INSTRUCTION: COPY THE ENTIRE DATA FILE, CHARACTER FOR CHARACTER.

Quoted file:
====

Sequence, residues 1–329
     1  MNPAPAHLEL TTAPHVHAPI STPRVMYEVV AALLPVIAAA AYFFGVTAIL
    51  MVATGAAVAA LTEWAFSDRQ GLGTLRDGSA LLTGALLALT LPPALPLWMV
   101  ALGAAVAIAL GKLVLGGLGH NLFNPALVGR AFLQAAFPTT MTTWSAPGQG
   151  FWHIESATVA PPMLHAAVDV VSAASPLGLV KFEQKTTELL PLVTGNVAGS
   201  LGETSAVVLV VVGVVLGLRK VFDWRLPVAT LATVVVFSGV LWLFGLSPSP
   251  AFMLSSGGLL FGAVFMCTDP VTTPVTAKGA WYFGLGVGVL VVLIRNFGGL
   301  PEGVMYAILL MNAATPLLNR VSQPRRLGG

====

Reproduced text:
Sequence, residues 1–329
     1  MNPAPAHLEL TTAPHVHAPI STPRVMYEVV AALLPVIAAA AYFFGVTAIL
    51  MVATGAAVAA LTEWAFSDRQ GLGTLRDGSA LLTGALLALT LPPALPLWMV
   101  ALGAAVAIAL GKLVLGGLGH NLFNPALVGR AFLQAAFPTT MTTWSAPGQG
   151  FWHIESATVA PPMLHAAVDV VSAASPLGLV KFEQKTTELL PLVTGNVAGS
   201  LGETSAVVLV VVGVVLGLRK VFDWRLPVAT LATVVVFSGV LWLFGLSPSP
   251  AFMLSSGGLL FGAVFMCTDP VTTPVTAKGA WYFGLGVGVL VVLIRNFGGL
   301  PEGVMYAILL MNAATPLLNR VSQPRRLGG